Workshop MoDe(s)2 – Critical imaginaries and expanded semantic fields from the Cold War to contemporaneity #2
Universidad Complutense de Madrid
Facultad de Geografía e Historia
18-19 July 2019
The workshop “Critical imaginaries and semantic fields expanded from the Cold War to contemporaneity #2“, held at the Complutense University of Madrid on 18 and 19 July 2019, was conceived as a space to promote and organise the work of researchers in the framework of the project MoDe(s) 2. One of the main objectives of the project, as previously discussed in the workshop Critical imaginaries and semantic fields expanded from the Cold War to contemporaneity (Robledo de Chavela, July 2018), is to draw up a glossary of concepts that allow us to understand the cultural tensions that are going through the Cold War and that continue to reverberate in contemporary times. In this sense, each researcher presented in this workshop the concept around which he/she is going to work in the next year, taking the following questions into account:
- Why is the concept significant for understanding contemporaneity and the processes linked to the Cold War?
- What artistic practices would help to construct the history of the concept?
- What are the semantic changes of the concept and the relationship with its practices? What points of inflection can be pointed out in the evolution of the concept in question? What synonyms, clusters or constellations of terms are related to the concept?
- How is the concept inserted in the perspective developed by MoDe(s) 2 and what relationship does it have with the present?
The workshop was divided into three blocks. The first one is Imaginaries of decolonizers and Third Worldists: Revolutionary Agents and Agencies. Within this framework, Jaime Vindel traced a route based on the concepts of “organization / revolution / entropy”, in which he tried to elucidate what we can learn today from the non-aligned culture, with respect of the current ecological crisis. Paula Barreiro López proposed a revision of the concept of “solidarity” that was based on the internationalization of the struggles during the Cold War, in order to explore the connections between the imaginaries of resistance in very distant political contexts. María Ruido‘s work, which will include the production of a short documentary, is based on the concepts “revolution / counter-revolution”, basing itself on the Portuguese political transition. Closing this block, María Íñigo exposed some guidelines for thinking about the concept of “popular culture” in the Brazilian context, taking into account indigenous epistemologies (“popular knowledge”) that can transform the approach around such a politically connoted term.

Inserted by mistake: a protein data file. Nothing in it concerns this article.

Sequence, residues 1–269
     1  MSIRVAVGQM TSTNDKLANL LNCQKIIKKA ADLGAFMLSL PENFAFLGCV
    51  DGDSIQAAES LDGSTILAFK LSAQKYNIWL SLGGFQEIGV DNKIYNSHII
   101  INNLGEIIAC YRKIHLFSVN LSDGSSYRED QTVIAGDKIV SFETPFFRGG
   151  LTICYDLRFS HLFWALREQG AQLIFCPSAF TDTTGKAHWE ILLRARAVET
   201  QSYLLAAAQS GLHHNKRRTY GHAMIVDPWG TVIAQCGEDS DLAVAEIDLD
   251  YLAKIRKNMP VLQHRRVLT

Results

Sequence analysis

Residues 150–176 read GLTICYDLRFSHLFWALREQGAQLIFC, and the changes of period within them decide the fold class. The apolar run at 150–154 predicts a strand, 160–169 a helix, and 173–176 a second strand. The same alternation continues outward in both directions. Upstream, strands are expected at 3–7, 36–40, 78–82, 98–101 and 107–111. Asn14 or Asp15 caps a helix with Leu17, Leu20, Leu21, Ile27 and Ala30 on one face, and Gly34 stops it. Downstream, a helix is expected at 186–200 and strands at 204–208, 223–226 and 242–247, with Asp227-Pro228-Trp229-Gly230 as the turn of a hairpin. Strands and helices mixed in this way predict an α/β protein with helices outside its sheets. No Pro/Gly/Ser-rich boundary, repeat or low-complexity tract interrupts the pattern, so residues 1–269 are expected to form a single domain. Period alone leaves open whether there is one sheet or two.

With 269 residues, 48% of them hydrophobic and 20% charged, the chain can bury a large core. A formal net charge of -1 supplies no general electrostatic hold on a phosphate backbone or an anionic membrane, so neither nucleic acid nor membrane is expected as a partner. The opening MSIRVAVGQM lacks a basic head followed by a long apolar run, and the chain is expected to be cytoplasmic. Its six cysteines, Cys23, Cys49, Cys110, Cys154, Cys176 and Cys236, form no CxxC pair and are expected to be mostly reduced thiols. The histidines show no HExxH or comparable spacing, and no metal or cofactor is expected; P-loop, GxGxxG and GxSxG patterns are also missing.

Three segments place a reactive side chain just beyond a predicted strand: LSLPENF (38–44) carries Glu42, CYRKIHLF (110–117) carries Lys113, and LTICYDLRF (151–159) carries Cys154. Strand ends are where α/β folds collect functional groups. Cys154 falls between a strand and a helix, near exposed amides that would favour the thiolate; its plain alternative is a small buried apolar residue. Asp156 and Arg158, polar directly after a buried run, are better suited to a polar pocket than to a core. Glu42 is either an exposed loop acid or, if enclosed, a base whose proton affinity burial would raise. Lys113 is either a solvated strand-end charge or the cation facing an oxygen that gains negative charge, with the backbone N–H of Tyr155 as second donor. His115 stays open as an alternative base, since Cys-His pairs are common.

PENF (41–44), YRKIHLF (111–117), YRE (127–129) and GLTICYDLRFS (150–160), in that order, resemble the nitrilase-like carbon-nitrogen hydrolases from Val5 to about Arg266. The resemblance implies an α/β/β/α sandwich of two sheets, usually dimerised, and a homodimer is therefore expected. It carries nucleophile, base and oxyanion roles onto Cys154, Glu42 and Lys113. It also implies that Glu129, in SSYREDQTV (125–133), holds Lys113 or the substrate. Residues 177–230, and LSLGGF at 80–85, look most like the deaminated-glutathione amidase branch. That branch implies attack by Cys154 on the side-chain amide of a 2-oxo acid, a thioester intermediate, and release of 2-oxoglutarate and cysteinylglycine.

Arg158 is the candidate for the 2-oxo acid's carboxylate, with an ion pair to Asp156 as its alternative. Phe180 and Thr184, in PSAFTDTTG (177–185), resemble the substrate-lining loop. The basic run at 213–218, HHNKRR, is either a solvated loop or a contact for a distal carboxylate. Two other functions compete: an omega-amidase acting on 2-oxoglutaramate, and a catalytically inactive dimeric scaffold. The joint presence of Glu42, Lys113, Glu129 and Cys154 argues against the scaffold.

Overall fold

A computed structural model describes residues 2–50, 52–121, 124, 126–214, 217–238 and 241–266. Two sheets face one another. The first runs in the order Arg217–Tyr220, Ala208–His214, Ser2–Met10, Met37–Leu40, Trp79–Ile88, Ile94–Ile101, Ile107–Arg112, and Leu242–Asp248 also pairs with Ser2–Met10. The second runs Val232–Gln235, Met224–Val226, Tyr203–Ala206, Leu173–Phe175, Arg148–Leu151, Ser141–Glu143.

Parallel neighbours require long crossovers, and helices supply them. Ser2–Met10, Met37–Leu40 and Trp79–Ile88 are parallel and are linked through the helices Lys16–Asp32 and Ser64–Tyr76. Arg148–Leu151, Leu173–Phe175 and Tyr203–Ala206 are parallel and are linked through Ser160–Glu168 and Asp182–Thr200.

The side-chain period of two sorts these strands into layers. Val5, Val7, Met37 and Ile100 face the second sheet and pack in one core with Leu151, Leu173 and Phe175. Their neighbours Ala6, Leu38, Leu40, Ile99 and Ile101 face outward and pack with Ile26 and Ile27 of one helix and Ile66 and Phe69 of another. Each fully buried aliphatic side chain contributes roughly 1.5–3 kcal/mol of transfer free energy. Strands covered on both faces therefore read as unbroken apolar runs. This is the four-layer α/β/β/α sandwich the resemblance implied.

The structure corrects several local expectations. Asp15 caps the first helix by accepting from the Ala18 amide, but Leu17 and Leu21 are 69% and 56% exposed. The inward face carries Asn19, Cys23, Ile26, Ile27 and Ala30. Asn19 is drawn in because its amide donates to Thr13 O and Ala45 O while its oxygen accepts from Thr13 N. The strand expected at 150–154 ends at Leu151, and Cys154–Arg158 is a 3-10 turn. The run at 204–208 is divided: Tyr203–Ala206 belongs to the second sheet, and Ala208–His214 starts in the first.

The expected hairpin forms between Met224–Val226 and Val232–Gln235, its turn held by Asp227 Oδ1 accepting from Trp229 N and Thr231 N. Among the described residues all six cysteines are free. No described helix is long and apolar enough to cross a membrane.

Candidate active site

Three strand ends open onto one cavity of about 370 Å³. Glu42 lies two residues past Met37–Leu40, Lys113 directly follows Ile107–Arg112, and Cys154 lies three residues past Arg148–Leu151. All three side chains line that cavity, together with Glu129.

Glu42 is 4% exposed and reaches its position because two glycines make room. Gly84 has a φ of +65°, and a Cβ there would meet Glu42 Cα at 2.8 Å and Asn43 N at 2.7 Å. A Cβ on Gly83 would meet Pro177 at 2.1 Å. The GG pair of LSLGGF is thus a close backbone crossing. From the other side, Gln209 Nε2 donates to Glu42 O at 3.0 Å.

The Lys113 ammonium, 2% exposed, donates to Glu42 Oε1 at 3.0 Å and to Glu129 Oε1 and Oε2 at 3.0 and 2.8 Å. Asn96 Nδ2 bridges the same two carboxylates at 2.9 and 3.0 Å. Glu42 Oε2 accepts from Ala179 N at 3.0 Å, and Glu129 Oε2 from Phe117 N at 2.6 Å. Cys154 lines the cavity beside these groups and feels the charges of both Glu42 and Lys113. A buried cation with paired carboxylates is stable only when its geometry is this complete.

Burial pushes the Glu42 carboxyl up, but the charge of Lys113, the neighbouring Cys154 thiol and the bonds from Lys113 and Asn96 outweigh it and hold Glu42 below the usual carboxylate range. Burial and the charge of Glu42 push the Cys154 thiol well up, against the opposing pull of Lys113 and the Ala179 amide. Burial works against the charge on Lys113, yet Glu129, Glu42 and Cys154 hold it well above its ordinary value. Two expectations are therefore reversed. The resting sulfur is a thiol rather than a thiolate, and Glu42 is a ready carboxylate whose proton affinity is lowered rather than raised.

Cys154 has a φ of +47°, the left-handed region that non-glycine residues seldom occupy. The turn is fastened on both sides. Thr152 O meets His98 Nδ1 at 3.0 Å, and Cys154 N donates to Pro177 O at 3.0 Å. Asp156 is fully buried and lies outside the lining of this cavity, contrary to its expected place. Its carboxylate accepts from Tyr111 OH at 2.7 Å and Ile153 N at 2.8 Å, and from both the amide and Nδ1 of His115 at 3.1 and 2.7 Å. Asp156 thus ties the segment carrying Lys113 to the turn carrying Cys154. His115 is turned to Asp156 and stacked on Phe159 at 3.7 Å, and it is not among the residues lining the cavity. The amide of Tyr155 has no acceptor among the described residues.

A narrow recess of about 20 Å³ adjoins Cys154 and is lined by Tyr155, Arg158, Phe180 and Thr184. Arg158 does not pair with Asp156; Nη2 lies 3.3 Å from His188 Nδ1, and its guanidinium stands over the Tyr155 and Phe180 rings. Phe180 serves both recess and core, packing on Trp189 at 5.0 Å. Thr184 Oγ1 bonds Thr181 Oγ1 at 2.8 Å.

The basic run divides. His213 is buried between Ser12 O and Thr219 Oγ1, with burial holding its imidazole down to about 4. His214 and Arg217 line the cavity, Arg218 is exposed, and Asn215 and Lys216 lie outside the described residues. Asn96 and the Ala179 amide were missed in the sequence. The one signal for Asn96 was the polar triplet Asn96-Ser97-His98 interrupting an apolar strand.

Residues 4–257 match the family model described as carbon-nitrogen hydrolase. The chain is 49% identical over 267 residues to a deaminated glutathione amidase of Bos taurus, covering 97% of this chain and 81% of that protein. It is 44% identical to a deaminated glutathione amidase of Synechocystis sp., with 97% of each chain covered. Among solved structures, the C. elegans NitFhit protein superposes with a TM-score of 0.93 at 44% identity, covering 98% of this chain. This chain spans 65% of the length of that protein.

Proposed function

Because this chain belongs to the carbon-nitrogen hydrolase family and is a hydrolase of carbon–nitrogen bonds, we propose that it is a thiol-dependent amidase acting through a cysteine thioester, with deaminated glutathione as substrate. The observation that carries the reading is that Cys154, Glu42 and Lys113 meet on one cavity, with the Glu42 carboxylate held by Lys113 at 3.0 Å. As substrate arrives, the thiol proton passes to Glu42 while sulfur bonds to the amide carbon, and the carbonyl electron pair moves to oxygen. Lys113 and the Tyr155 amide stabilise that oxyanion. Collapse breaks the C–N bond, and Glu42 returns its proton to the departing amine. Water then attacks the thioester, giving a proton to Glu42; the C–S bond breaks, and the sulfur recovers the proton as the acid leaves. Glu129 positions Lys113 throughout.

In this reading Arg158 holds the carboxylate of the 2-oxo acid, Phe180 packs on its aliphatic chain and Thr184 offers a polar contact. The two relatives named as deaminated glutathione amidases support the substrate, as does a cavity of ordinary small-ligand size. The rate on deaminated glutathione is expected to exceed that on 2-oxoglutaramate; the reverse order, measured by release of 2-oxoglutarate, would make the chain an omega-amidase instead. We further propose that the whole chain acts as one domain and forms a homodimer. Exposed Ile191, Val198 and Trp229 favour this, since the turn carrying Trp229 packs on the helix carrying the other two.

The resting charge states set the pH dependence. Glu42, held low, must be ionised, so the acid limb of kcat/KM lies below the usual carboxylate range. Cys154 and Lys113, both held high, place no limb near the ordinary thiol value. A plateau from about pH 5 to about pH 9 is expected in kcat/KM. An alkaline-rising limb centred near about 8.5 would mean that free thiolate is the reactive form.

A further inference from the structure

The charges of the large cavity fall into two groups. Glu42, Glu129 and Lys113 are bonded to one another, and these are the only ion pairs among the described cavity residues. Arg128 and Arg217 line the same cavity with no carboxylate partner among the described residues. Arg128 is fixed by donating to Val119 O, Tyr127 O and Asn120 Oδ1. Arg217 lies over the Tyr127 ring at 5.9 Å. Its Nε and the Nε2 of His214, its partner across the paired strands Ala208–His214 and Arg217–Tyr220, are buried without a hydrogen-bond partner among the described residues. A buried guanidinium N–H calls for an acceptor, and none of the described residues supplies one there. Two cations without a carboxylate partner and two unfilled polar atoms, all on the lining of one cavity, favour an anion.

In the second block, Imaginaries of the Cultural Cold War: Institutions and Practices Emerging from the New World/Colonial Order, Olga Fernández López proposed an analysis of the notion of “publics”, which will start from the analysis of a broad corpus of photographs, more or less close to the humanist aesthetic – very widespread during the Cold War – in which the public can be seen in modern art exhibitions. Following on from the territory of exhibition history, Anita Orzes will work on the concept of “biennialization”, for which she presented a detailed analysis of the history/evolution of biennials, established several “biennial formats” and pointed to some key quotes from which to think about the milestones in the transformation of the concept, and the evolution of its formats and their historical meaning. In a connection from Buenos Aires, and connecting with her research in the framework of MoDe(s) 1, Fabiana Serviddio proposes a revision of the concept of “Latin Americanism”, which is a key term in the construction of a differentiated artistic consciousness in the continent.
In the third block, Counter-revolutionary and neoliberal imaginaries: subjects and new projections of collective identity, Juan Albarrán has discussed the development of the concept of “subjectivity” and the evolution of performative practices since the 1960s. Giulia Lamoni outlined a journey through experiences carried out by artists – mainly in Brazil and Portugal – on whom to think about the concept of “radical pedagogy”. “The New” is the category around which Julián Díaz Sánchez will develop his research. “Seeming new”, in several senses, became an imperative during modernity. The cycle of the new seems to be exhausted in a post-historic time with the irruption of retro aesthetics. Finally, focusing on the context of the socialist republics of Eastern Europe, Juliane Debeusscher will analyse the concept of “marginality” as a category strategically assumed by artists.
After each presentation, the concept has been discussed by the research team. It is likely to be modified – or to be paired or confronted with other concepts – before or during the research process. In the debate, multiple connections arose between the problems exposed throughout the two days, and it became clear that the work that is now being started does not attempt to exhaust each of the concepts proposed. The aim is not to make an exhaustive journey – which, in many cases, would be inexhaustible – but to generate meaning around each concept from a meditated selection of artistic and discursive milestones.